Colum, former reb soldier, ex-Indian scout, rebellious son, is running from his Irish immigrant father and a family tragedy for which he has taken the blame.
He leaves his father’s Texas ranch on a fast horse, one gallop in front of a bullet.
Wild guns ambush him in Dodge, in Arizona, in Mexico and by the time he homesteads a hidden horse ranch in Texas, Colum is a weary man.
But trouble follows.
Waking the first morning in his valley, he finds an arrow pinning a scalp to a tree.
José Ortero made this arrow, he thinks.
He knows Ortero well; has tracked him, has fought him.
Ortero keeps score.
And then there’s Mason Lohman, his enemy since boyhood, his nemesis, his shadow, his punishment.
God knows why Lohman is punishing him.
Colum doesn’t know.
It was a long boyhood after Comanches murdered Colum’s mother, after his brother was killed in a fight, after a war that took four bloody years to lose, after a run from God knows who.
Well, at least, he didn’t know for sure.
A man needs something to care for, a woman to keep him warm at night, to smile at him across a table.
Why not Clementine Weaver, his best friend’s wife?
Her long chestnut hair is shot with gold, she fills her clean, starched dresses, a good girl, a nice girl.
He’s not used to nice girls.
The only women Colum know give him what he needs after he crosses their palms with silver.
Clementine smiles at him with secret eyes, stares, cannot pull her gaze away.
Come to me, he thinks.
Mason Lohman has an easy irony, a lifted eyebrow, a bitter undertone, and a barely restrained air of violence, like a bronco who’s been cross-tied and hobbled.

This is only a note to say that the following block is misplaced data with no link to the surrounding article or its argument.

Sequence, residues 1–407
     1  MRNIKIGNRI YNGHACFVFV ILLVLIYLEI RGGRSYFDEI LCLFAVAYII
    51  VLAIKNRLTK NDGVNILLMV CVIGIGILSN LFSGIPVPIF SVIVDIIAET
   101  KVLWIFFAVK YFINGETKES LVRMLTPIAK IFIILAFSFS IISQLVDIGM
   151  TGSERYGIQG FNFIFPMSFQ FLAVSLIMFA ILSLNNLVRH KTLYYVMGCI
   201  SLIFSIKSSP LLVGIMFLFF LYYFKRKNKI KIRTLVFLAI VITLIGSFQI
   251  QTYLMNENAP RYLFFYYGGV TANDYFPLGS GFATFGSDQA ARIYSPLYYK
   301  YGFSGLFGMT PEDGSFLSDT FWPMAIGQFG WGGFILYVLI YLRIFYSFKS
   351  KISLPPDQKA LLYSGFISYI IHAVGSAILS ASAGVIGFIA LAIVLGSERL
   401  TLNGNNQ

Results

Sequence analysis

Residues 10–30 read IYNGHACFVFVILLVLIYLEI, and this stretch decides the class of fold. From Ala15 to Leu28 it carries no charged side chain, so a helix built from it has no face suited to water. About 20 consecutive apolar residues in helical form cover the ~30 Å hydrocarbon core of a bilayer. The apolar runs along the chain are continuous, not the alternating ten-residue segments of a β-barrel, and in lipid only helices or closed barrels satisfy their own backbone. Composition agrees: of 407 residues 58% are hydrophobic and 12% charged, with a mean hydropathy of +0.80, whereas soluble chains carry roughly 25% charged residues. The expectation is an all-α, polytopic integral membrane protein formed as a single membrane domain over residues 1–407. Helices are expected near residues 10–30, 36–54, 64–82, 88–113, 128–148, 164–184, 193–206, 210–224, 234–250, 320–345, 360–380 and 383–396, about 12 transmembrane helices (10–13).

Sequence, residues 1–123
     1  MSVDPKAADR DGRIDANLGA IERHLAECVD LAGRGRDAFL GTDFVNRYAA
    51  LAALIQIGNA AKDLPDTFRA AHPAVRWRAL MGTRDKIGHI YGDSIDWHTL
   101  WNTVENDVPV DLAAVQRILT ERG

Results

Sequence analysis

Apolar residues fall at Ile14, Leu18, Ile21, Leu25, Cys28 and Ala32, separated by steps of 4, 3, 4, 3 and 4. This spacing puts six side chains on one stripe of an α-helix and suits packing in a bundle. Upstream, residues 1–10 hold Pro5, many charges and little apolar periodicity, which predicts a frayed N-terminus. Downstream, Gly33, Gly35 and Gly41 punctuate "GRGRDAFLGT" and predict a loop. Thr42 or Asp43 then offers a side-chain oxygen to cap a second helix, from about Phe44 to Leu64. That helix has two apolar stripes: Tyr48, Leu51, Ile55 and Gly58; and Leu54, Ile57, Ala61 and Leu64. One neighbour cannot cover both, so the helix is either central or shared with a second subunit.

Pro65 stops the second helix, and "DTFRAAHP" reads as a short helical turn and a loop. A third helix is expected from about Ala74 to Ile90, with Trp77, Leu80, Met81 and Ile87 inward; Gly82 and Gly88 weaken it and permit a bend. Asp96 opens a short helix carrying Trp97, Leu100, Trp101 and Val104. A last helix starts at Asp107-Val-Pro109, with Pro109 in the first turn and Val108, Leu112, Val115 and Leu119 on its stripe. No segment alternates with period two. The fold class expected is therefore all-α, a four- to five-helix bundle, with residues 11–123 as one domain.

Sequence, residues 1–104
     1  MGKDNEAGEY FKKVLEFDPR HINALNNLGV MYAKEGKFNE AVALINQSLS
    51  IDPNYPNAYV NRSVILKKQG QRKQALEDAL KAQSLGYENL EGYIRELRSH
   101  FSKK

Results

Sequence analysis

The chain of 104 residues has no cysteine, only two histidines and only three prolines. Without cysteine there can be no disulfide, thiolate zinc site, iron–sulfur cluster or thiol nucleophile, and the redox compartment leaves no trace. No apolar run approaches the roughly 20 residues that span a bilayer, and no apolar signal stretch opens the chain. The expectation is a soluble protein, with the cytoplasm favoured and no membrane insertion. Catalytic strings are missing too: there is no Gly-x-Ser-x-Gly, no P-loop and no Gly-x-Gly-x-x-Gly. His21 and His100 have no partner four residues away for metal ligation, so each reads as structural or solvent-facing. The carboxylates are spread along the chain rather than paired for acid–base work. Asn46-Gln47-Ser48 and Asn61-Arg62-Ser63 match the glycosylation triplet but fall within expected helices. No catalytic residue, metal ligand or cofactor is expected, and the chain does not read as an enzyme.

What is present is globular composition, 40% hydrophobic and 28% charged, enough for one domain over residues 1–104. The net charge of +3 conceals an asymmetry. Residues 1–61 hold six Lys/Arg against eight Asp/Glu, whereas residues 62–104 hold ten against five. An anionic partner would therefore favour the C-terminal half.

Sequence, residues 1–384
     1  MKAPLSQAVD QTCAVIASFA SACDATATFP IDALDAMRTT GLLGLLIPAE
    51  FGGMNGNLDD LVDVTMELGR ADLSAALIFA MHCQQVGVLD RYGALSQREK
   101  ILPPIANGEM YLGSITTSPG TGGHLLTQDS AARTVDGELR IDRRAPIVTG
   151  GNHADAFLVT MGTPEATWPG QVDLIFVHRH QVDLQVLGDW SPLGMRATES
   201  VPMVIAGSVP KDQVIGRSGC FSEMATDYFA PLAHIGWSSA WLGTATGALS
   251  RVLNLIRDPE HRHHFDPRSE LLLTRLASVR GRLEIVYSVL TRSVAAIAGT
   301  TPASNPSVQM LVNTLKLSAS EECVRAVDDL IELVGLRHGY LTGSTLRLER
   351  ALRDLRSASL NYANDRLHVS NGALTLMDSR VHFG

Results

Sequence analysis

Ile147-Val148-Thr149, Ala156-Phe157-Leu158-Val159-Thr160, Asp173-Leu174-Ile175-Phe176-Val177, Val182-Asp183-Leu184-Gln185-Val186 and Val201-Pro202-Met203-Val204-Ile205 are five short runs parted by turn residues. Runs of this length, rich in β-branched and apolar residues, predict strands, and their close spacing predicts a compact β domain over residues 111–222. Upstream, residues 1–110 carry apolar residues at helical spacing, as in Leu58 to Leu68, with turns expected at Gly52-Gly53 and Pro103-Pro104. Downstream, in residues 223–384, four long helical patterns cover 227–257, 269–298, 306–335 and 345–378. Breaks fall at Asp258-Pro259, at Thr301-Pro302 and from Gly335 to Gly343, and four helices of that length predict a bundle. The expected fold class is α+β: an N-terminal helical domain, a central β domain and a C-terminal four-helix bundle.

He wears a mustache which curves in a well-barbered arch around his lip, his broadcloth suits cost a fortune, he leans back in his chair, holding his cigarillo, smiling through the smoke.
Nobody knows what Lohman is thinking and not many men want to find out.
So it’s a mystery how Lohman and Colum McNeal became such intimate enemies.
Lohman’s father is a rich rancher who sent his son to Yale.
Colum’s father was forced to homestead on the Texas plains, using his sons as free labor, and Colum went to one room schoolhouse; when he went at all.
Colum and Lohman don’t run in the same crowd.
But when Colum was sixteen and Lohman in his twenties, Lohman began riding to Fort Griffin on Saturday nights, searching for Colum, then attacking with hot ferocity.
Fighting stopped when Colum joined the Confederate cavalry, yipping the foxhound from hell battle cry across Southern battlefields.
Lohman was a bluebelly, one of Lincoln’s boys, Texas-bred, Yankee trained.
When the boys come marching home again, hooray, hooray, nothing has changed.
Colum begs Mason to tell him why, just tell him why.
Lohman’s not interested in disclosing that secret.
He does promise to pin Colum’s scalp to his saddle.
Once, Lohman told Colum you can learn a lot about another men when you watch them.
Colum looks up and Lohman is watching.
Each time Colum looks behind him, Lohman is there.
Texas Ranger Captain William Henry
William Henry, his wife Belle, and his three daughters, homesteaded a Texas ranch.